The academic weaknesses of TCS are very difficult to pinpoint, as the programs at TCS during my time there was nearly flawless. To understand the mindset of TCS academia, one must understand that a student is ASSUMED to soon be attending a great university in Canada, the U.S. or abroad. The question is not wether they will be admitted to a revered institution, but it is how well they will compete once they begin their first degree. The school prides itself greatly on the integrity of the academic offerings it has for the students. During my time there, TCS was one of the only high schools in Canada to have an electron microscope, it's own astronomy dome, world class music and arts centres, unparalleled sports facilities and countless other incredible academic tools that reflect its firm commitment to pushing the students to reach their full potential. Competition was friendly, yet fierce, as the culture was one of pushing each other's boundaries of development. One example of this was the intense house debates that took place periodically throughout the school year. Spirit and gusto saturated the historic hallways of TCS during these times. The winners of House Debates were celebrated and respected because of their wit and resourcefulness, demonstrating the school's respect for academic potential and the strive for greatness.
TCS has an ever-expanding array of academic programs that can challenge students based on their needs, abilities and performance. For lack of a better explanation, I was a very bright student in high school and academics came easily to me. My teachers recognized this, along with the fact that this brightness made me lazy at times, and they personally pushed me to take Advanced Placement courses, study languages and keep my options open by committing to studying both humanities and sciences throughout my career there. My teachers recognized my abilities and my weaknesses and supported me to tailor my course load accordingly. This attention taught me the importance of challenging myself to strive for something greater when I went to university, as there was no one there to hold my hand. One of the reasons that I went to TCS in the first place is that my parents wanted me to study in a place where it was 'cool' to be smart. They wanted me to be challenged by my colleagues both academically and philosophically, and to expand my worldview through diversity in the classroom. I would say that this goal was certainly achieved.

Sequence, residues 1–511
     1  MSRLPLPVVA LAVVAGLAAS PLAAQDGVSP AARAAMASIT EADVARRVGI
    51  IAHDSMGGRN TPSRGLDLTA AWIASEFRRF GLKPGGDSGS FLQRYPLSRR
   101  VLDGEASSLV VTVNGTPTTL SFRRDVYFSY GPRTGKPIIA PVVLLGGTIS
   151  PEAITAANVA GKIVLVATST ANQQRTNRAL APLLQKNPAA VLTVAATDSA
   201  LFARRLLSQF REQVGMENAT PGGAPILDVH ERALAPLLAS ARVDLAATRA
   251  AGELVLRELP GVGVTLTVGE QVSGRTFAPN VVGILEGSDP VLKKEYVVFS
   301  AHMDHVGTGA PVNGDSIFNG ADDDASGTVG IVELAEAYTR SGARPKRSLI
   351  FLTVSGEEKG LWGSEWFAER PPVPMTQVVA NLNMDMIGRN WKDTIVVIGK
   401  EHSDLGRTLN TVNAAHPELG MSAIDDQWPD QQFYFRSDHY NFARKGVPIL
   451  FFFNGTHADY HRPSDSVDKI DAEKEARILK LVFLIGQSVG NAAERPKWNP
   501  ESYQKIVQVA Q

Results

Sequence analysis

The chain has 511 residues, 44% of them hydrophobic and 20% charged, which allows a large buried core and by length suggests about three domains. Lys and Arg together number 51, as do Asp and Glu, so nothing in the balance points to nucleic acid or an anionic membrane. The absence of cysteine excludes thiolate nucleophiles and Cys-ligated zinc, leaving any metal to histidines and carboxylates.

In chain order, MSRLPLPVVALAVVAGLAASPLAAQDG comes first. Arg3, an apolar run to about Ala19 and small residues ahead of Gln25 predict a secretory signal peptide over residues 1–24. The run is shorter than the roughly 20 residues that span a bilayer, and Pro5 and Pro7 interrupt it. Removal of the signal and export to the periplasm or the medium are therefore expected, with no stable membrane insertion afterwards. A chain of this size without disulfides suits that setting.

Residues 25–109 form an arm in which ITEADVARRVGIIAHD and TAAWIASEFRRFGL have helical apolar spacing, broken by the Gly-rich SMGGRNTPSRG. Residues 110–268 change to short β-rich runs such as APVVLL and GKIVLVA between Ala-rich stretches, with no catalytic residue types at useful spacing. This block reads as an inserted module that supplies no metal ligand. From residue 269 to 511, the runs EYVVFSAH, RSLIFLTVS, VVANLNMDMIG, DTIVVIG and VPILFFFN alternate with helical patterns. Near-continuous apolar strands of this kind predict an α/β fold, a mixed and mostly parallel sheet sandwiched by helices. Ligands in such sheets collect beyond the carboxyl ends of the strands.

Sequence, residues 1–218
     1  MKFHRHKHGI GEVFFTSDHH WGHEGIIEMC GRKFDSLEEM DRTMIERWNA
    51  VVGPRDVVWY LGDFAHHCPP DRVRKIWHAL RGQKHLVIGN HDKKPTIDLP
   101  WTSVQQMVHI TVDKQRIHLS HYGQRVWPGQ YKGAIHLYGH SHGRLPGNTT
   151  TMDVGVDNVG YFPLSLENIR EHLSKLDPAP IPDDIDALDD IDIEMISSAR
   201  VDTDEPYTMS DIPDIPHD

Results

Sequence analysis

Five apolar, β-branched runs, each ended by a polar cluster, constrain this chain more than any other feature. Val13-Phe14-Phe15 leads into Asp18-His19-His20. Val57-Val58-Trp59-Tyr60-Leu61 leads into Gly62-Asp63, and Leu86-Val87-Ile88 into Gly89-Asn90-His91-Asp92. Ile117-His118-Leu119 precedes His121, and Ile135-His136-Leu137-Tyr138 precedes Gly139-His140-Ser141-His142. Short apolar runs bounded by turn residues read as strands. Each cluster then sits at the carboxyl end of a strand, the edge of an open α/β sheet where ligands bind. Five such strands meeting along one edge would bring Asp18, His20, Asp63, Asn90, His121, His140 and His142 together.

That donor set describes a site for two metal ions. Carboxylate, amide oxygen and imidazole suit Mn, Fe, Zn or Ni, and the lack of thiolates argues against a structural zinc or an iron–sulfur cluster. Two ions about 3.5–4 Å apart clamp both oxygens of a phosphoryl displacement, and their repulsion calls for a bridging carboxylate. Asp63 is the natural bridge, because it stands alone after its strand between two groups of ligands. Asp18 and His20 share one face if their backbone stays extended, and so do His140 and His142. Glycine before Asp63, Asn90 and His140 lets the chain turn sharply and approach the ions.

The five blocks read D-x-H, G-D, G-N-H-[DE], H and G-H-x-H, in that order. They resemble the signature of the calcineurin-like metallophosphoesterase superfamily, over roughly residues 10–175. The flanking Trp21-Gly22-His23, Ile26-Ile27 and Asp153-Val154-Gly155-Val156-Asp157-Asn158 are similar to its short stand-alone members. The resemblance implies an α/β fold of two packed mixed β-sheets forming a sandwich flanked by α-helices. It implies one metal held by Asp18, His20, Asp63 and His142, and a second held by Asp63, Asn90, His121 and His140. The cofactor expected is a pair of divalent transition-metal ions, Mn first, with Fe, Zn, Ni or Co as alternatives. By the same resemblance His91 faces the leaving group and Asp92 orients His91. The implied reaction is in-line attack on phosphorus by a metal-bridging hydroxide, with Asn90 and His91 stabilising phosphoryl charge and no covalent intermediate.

The work has never been too easy neither has it ever been just right! Surprisingly, that has been very beneficial to me academically. This is because the workload is so unpredictable that I can never be comfortable or think "I have everything under control". As a result, I am always kept on my toes and constantly "rebooting" myself. I definitely think what I am learning will be useful to me later in life. Apart from the obvious academic content needed for my future profession, I feel as though the various methods the teachers use to teach me will be very applicable to me in my studying and organizing methods later in life. In addition, the teachers constantly inform us, at the beginning of every topic, how it will be useful for us in the future especially in future professions. I think they even do that so the students who refuse to listen in class will not be able to say "it won't be useful to me later in life" as an excuse to not listen :)